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Friday, December 18, 2015

Conscious Parents: Cultivating Self-Compassion




The one thing all conscious parents must have, I’ve learned, is self-compassion. As we become increasingly aware of the deep impact of our words and actions upon our children, it’s easy to get caught in a cycle of guilt and shame each time we miss the mark. We can put so much pressure on ourselves to be ever-present, aware, attuned, emotionally regulated, and self-controlled that anything less than perfection can feel like complete failure.
On her website, www.self-compassion.org, Dr. Kristin Neff defines compassion as having 3 parts:
  1.  A notice of suffering
  2.  A feeling moved to respond with warmth, caring, and a desire to help the suffering person, offering understanding and kindness rather than judging harshly, and
  3. A realizing that suffering, failure, and imperfection is part of being human.
Therefore, self-compassion is acting the same way toward yourself when you fail or are imperfect. She says, “Having compassion for yourself means that you honor and accept your humanness.”
Brene Brown, world-renowned researcher and author of The Gifts of Imperfection, says that self-compassion and forgiveness is one of the 10 guideposts of engaged parenting that emerged from her parenting research. She admits something that I can identify with very much, which is this: “I always thought that teaching [my children] self-love was mandatory and figuring it out in my own life was optimal but optional. This research has forced me to let go of that idea.”


I’ll be honest. I hate to let that idea go. I’ve already had to do so much inner work to be a conscious parent, and now I’m having to take on this, too. My inner critic is ruthless. She berates me on the smallest of things. Nothing ramps up feeling the need to be a perfect parent like being a parenting book author!

Even though my heart knows this journey is about progress, not perfection, my mind has a difficult time accepting that I’ll never get it 100% right. Yet there is one truth I know, and that Brene has reinforced, which is if I want my children to live it, I must show them how, not tell them how. With that in mind, I’ve turned back to Dr. Kristin Neff and her self-compassion exercises.


Exercise #1: Exploring Self-Compassion through Writing
In this exercise, Neff asks which imperfections make you feel inadequate – something what causes shame or makes you feel like you’re not “good enough.”
She advises to write about the issue that makes you feel inadequate and notice what emotions come up when you think about this aspect of yourself. Next, write a letter to yourself from the perspective of an unconditionally loving imaginary friend. What would this friend say to you? In your letter, convey acceptance, understanding, and kindness.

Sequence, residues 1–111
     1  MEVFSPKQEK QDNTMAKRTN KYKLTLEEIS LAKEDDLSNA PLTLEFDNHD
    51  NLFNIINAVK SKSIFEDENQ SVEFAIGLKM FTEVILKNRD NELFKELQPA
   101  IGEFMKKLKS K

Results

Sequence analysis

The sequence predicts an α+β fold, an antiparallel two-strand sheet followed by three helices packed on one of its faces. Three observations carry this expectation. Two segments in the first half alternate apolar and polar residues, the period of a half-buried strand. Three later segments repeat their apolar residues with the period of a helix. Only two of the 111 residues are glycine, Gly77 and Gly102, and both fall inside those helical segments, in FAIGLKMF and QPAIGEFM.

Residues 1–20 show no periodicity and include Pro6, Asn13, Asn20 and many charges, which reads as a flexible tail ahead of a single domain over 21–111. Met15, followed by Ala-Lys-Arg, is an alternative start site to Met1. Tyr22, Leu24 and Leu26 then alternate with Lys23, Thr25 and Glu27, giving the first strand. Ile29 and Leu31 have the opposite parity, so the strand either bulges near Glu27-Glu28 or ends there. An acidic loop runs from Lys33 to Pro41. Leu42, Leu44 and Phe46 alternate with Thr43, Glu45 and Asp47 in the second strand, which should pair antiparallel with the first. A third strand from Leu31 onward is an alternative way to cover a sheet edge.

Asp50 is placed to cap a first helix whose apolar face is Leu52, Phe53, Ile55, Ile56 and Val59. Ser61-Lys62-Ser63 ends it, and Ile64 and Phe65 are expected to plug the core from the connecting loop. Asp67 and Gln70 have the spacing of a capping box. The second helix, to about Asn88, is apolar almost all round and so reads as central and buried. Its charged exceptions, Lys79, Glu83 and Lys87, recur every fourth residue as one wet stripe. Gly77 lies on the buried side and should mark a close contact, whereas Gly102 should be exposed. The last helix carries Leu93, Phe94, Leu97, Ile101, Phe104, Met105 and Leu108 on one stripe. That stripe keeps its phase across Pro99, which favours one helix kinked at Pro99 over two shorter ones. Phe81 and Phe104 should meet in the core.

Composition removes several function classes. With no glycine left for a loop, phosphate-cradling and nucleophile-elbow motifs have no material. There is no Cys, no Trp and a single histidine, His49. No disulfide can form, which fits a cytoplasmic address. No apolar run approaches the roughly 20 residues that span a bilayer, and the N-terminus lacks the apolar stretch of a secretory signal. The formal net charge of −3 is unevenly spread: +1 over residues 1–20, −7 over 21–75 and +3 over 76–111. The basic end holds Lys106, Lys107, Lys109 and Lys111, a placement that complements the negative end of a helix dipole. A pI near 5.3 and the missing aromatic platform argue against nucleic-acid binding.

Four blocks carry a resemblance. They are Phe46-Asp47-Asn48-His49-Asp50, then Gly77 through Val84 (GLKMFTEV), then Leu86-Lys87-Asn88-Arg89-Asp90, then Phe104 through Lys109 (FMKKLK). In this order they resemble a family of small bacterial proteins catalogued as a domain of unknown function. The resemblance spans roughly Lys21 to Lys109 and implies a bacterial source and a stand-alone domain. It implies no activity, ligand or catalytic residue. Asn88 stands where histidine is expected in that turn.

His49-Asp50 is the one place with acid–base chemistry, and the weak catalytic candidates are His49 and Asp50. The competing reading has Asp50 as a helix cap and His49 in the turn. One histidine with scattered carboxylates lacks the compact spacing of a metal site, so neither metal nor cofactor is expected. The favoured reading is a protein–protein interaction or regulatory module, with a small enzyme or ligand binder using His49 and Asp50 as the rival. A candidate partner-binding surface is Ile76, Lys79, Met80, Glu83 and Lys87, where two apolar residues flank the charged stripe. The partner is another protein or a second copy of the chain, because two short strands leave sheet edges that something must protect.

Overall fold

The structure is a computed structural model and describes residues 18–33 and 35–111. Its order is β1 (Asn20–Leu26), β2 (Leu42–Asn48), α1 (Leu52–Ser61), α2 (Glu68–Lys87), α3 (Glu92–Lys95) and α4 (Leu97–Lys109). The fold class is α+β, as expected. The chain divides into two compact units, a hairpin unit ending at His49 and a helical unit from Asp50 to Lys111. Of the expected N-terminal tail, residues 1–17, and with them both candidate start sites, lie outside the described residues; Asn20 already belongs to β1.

The third part of this exercise is to then walk away from the letter for a while after you’ve written it, coming back later to read it again while letting the words sink in. Allow the compassion to pour in, comforting you.

Exercise #2: Self-Compassion Break
Think of a situation in your life that is causing you stress. Bring it to your awareness and actually feel the emotional discomfort. Say to yourself “this hurts” or “this is a moment of suffering.” This is being mindful of your situation. Next, put your hands over your heart and just acknowledge that you are not alone, and that we all struggle at times.

Then, practice repeating whichever phrase feels the most soothing to you. Examples are “may I be kind to myself,” “may I forgive myself,” and “may I be strong.”

Exercise #3: Changing Your Critical Self-Talk
Repeat these steps over a period of several weeks to transform how you treat yourself.
  1. Notice when you are being self-critical. Note your inner speech. What is the tone of your voice? Does this voice remind you of anyone in your past? Get to know your inner-critic well.
  2. Soften the self-critical voice with compassion. You might say, “I know you feel worried about me, but you are hurting me.” Then allow your compassionate self to speak.
  3. Reframe the observations made by your inner critic in a friendly, positive way. That might sound like this: “I’m feeling exhausted and need to rest. I snapped at my child because she got out of bed again and now I feel bad. I will go and apologize to her, give her a warm hug, and then I’ll set aside my to-do list and take 30 minutes to read my book. I deserve to be taken care of, too.”
It’s true that parenting is hard work, but it isn’t growing the children that is so difficult. It’s growing ourselves. If you and I put in the work now to silence the inner critic and cultivate self-compassion, not only will we benefit, but our children will to.

Wouldn’t it be nice for them to grow up and not have to work so hard at loving themselves?

**This post was originally published at Creative Child Magazine. For more of my positive parenting articles at Creative Child, click here.


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